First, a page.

Youth Power!

Youth Power!

Syed Mustafa Ahmad

It is tough to be a teen in a world that seems only to criticise them. There are, however, teens who make adults sit up and take notice. Some of them are not yet eligible to vote but they are already filing patents, holding governments accountable, and making positive changes to communities. Here are the inspiring stories of four teenagers.

Up above the world so high
While most scientific minds dream about working at NASA, the National Aeronautics and Space Association, a select few, such as Rifath Sharook, have NASA knocking at the door. Tamil native Sharook was 18 years old when his experimental invention, KalamSat, was launched by NASA on June 21, 2017. It was Sharook’s entry for the “Cubes in Space” competition organised by NASA.
Named after India’s Missile Man A.P.J. Abdul Kalaam, KalamSat is the world’s smallest satellite. Weighing a mere 64 gm, it is made of 3D-printed carbon and fitted with a computer and sensors for temperature, magnetism and altitude. Its launch was meant to show scientists how 3D-printed carbon fared in outer space. During its 12-minute mission, the satellite collected and stored data before returning to Earth and falling into the sea.

A beacon of hope
Florida native 18-year-old Hannah Herbst disproves people who believe that teens live in their own bubble. Hannah’s invention, BEACON, short for Bringing Electricity Access to Countries Through Ocean Energy, uses ocean energy to generate electricity. It all started when 15-year-old Hannah learnt that her nine-year-old pen pal in Ethiopia had no access to electricity. A little research told her the problem was only too common. Going with the reasoning that every human settlement would be around a water body, Hannah set about inventing a device to tap the energy in moving water and convert it to electricity. The BEACON is essentially a hollow plastic tube connected to a propeller at one end and a generator at the other. Ocean waves and tides turn the propeller generating energy that the generator converts to electricity. Hannah has been continuously improving the device, which has already been tested in an actual waterway and now includes a component to purify water.

Say no to plastic
International travellers to Bali, Indonesia, are asked if they would like to declare plastic bags, in addition to weapons or excess money. Melati and Isabel Wijsen’s fight against plastic is the reason for this. Inspired by the African country of Rwanda, which had banned plastic bags in 2008, the girls set up their company, Bye Bye Plastic, when they realised the importance of getting people to say ‘no’ to plastic bags. Beach clean operations were the first step, followed by petitions. Their company now has a global presence and their efforts have had tangible results. They succeeded in getting Bali airport to ban plastic bags in 2016. By January 2018, Bali had declared itself plastic-free. Indonesia has given itself until 2021 to be rid of plastic. When the sisters were asked what inspired them, they said that they sat through a lesson in school about Nelson Mandela, Mahatma Gandhi and Lady Diana. They decided to be the change they wanted to see in the world – one plastic at a time.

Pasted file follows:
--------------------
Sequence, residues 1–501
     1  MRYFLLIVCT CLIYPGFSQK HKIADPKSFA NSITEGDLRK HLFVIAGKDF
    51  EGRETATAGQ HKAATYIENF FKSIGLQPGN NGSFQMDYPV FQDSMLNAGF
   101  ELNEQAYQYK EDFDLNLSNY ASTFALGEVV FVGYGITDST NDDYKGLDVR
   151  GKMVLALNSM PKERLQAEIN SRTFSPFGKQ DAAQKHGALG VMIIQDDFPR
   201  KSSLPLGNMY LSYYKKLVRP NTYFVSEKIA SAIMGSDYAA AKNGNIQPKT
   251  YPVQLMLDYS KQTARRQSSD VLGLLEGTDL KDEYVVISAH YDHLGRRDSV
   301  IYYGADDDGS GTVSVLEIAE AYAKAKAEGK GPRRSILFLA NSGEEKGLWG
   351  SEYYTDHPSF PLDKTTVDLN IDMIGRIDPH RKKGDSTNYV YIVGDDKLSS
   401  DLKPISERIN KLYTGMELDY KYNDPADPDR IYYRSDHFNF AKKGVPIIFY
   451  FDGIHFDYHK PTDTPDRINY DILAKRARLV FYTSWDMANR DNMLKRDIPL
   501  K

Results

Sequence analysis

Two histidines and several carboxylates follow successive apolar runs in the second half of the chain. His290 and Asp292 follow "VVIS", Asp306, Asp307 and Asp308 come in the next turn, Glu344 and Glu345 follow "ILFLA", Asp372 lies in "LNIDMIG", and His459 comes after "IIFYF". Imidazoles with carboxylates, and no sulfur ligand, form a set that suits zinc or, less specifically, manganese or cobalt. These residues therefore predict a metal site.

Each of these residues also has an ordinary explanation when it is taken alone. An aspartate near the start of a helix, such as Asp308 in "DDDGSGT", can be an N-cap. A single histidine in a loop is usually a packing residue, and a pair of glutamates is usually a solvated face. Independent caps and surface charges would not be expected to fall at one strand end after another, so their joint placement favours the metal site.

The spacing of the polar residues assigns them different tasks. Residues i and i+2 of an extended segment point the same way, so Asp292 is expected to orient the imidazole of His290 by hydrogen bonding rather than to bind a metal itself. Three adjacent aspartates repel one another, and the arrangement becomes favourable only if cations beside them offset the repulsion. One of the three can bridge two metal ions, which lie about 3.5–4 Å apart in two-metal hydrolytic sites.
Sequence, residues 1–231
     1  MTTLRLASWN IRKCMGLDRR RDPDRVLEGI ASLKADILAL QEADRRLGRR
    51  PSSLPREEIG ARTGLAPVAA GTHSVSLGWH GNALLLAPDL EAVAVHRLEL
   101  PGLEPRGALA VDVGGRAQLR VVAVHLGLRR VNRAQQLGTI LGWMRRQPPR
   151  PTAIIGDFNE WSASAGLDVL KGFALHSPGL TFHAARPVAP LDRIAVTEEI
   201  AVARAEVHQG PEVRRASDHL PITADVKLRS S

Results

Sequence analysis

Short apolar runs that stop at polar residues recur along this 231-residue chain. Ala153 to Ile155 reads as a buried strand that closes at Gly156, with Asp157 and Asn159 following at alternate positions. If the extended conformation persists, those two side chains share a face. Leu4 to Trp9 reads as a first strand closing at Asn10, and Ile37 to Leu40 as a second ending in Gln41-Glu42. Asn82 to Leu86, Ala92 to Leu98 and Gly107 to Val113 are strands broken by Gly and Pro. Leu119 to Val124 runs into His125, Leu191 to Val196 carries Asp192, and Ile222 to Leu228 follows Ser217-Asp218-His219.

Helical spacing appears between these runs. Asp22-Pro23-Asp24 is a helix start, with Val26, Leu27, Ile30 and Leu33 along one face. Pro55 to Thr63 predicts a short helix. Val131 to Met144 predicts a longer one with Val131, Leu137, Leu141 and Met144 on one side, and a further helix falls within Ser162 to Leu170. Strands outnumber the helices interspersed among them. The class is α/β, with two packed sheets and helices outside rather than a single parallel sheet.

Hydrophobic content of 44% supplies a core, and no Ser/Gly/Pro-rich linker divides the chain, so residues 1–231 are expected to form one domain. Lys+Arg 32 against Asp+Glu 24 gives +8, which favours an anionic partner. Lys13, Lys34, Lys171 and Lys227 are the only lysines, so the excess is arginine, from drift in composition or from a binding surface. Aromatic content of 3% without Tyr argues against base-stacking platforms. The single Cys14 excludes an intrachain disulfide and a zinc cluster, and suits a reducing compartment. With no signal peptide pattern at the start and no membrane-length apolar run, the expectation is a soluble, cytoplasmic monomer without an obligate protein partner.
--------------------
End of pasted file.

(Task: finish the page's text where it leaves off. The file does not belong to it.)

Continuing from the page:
It is in our hands
It was September 9, 2018, a month before the elections in Sweden. Greta Emman Thunberg,15 at the time, skipped school to spend the entire day on the steps of the Swedish Parliament, demanding that the government take appropriate steps to combat climate change. After the elections, she continued her protest by skipping school all Fridays, spending them at the Parliament. With keen interest in the environment, Greta noticed how everyone talked about climate change but did nothing concrete about it. She had done her own research to learn more about what she could do to protect the environment. At the end of it, she had a changed lifestyle. She stopped eating meat, travelling by air, and buying anything that was not absolutely necessary. Her family followed in her footsteps. They installed solar panels in their home and started growing vegetables in their kitchen garden. They would ride bikes to work and would use an electric car only when unavoidable.
Thunberg has been calling out the patchwork environmental policies of governments. In her recent speech at the United Nations, she said, “We have not come here to beg world leaders to care. You have ignored us in the past and you will ignore us again. We have run out of excuses and we are running out of time. We have come here to let you know that change is coming, whether you like it or not. The real power belongs to the people.”
The world is beginning to hear extraordinary voices of teens. Adults can no longer ignore them. Their voices have had a profound effect. There is hope in the air. I think that teens who have an unbiased view towards the world will be the leaders of the change the world is about to see.

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